MELBOURNE, Australia — Korea Aerospace Industries has won a competition to supply light attack aircraft to Malaysia, the company announced, marking its latest export for the line of trainer/light attack jets.
The South Korean company said the contract, worth $920 million, will see it deliver 18 FA-50 jets to the Southeast Asian country, with the first due for delivery in 2026.
The FA-50 beat the Tejas light combat aircraft, made by India’s Hindustan Aeronautics Ltd., for the Malaysian requirement. The country had shortlisted the two types out of an initial field that included the JF-17, made by the Pakistan Aeronautical Complex, and the Russian-made MiG-35.
Malaysia is seeking to bolster its air combat and training capabilities as it seeks to replace its fleet of BAE Systems-made Hawk trainers and light combat aircraft, which has suffered from a high attrition rate in recent years.
The country also wants to replace 16 MiG-29 interceptors it retired in 2017 due to inadequate funding for sustainment. But a planned multirole combat aircraft program to replace the aircraft also stalled due to budget constraints.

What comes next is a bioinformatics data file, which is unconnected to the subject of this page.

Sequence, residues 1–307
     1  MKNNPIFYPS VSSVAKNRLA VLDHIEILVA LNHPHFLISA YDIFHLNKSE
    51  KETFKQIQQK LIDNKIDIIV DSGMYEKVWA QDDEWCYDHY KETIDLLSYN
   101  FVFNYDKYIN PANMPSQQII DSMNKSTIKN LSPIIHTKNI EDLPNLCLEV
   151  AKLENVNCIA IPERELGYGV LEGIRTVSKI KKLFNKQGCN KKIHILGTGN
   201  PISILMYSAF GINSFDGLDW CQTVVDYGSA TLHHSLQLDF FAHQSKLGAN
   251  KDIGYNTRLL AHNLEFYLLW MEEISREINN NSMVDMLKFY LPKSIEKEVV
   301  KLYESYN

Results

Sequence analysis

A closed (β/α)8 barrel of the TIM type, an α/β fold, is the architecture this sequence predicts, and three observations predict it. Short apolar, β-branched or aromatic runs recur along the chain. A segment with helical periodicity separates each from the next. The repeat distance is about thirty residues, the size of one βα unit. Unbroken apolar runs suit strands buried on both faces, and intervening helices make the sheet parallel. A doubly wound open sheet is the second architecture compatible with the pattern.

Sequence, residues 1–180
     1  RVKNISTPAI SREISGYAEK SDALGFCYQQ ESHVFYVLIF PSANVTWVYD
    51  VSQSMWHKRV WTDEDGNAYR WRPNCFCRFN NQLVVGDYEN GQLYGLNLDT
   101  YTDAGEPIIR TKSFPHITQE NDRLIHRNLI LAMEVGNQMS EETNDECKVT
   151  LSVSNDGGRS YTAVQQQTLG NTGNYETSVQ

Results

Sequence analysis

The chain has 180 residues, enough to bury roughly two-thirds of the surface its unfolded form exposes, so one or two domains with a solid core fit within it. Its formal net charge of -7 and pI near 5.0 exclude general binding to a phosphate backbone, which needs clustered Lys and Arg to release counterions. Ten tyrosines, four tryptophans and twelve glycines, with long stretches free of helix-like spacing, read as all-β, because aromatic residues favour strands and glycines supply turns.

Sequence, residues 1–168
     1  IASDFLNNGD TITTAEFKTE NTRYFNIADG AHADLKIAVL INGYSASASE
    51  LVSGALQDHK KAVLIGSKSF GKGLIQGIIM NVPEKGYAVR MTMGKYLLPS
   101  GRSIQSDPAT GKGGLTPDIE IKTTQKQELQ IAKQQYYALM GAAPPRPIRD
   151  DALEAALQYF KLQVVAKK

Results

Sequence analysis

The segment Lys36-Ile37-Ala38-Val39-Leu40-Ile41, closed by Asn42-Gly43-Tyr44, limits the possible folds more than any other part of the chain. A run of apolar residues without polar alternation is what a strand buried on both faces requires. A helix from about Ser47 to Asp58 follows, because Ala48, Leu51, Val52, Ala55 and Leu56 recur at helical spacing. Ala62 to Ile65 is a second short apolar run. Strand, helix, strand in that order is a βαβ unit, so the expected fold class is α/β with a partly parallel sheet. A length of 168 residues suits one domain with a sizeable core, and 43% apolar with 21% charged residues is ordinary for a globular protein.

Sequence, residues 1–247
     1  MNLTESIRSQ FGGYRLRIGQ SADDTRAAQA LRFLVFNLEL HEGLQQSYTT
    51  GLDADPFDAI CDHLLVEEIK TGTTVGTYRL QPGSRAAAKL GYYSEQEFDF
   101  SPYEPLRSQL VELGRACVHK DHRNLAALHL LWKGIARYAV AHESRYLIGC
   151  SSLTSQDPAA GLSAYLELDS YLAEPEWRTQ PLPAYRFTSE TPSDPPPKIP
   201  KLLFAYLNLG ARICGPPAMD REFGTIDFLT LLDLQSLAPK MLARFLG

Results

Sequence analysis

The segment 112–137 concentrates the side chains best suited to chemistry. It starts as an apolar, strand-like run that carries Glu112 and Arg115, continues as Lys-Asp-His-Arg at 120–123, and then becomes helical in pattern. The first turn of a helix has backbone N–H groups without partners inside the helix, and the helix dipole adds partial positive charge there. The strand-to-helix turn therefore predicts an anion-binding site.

Malaysia previously said it required 36 jets, meaning it will continue looking for an additional 18 aircraft.
The FA-50 is a combat-capable derivative of the T-50 Golden Eagle trainer, and the win in Malaysia will bring the number of Southeast Asian countries flying the T-50 and its derivatives to four. Indonesia, the Philippines and Thailand also operate the aircraft type.
South Korea uses the T-50, TA-50 and FA-50. The latter two are combat-capable and can be fitted with up to seven external stores hardpoints that can carry air-to-air and precision-guided air-to-surface weapons.
The combat-capable versions are also integrated with American-made or Israeli-built radars, with KAI seeking to integrate newer and more capable radars in future block upgrades.
Iraq also operates a version of the FA-50 it calls the T-50IQ, while Poland has selected 48 FA-50s as part of a large military package with South Korea. The European nation sought to replace its Soviet-era MiG-29 and Su-22 jets in the wake of the Russian invasion of Ukraine.
Mike Yeo is the Asia correspondent for Defense News.